The completed bridge, of which there are remarkably few photographs, ran in a lengthy, spidery curve, with the whole structure, especially the high centre section, looking alarmingly fragile.

The first train crossed on September 26th, 1877, with Bouch himself in control of a pilot engine which led a trainload of directors and other dignitaries across the long curve. The journey took about 15 minutes, the speed not exceeding 10 mph.

The following winter a painstaking testing of the bridge was carried out, with heavy ballast engines running at varying speeds. It was decided that 40 mph (64 k/h) should be the maximum. The Chief Engineer said: “When again visiting the spot, I should wish, if possible, to have an opportunity of observing the effect of high wind when a train of carriages is running over the bridge”. But he fell ill, and his remarks were forgotten.

All was not well, however. Passengers reported an odd feeling in their ears when crossing the high girder section in windy conditions. Others complained that trains were vastly exceeding the prescribed speed limit. Painters found rust and cracks, which were hastily patched up.

It was almost dark when a storm struck Dundee on December 28th, 1879. At first there was steady rain, but soon an increase in the strength of the wind was noticed. Within a short time a Force 11 gale was blowing, broadside on to the Tay Bridge.

At 7.12 p.m. the mail train from Burntisland arrived at Tayport, and slowed down to a crawl to receive the signal clearance baton. The train moved on, and the signalman hurried back into his cabin to send the routine signal over the bridge to his north bank colleague. Then he and another employee watched the train’s lights moving into the distance on the bridge. Suddenly they saw three flashes, and the train’s tail lights vanished.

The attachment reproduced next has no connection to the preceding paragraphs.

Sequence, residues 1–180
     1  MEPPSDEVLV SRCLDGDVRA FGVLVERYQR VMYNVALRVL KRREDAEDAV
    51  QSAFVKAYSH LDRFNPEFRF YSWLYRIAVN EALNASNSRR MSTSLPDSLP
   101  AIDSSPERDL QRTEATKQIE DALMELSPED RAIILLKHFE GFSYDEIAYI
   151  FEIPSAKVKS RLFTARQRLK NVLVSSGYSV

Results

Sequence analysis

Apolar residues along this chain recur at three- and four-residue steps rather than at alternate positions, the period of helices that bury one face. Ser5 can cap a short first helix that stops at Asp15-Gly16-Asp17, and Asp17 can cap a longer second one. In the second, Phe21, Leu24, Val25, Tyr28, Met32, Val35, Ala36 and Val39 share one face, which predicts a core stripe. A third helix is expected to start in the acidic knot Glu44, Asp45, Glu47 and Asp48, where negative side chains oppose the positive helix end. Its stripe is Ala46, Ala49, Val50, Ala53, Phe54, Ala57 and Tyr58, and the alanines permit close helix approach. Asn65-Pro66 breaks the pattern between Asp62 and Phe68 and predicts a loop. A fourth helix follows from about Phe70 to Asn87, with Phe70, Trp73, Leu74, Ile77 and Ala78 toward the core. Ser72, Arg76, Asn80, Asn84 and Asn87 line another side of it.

The signalman rang the signal bell to the north shore. There was no reply. The two men started out across the bridge, but the gale forced them back. They ran down to the water’s edge, but could see nothing in the darkness. Then, incredibly, the moon came out. It lit up a strange and terrifying scene.

The whole of the centre section had disappeared, apart from the bare pier stumps. The train had gone, too, taking with it 75 lives. There were no survivors.

The world was shocked, and the designer, Sir Thomas Bouch, who previously could do no wrong, was at once made the scapegoat. An enquiry noted that the bridge was simply not strong enough to withstand the combined effects of strong winds and excessive train speeds. On that terrible night, these had caused a girder to come loose at the point where the high girder section joined the lower section adjoining it.

The result had been the collapse of this section, taking the train with it.

A likely explanation of the disaster is that Thomas Bouch, like others of his time, had grown over confident of his ability to surmount the obstacles that Nature puts in mankind’s way.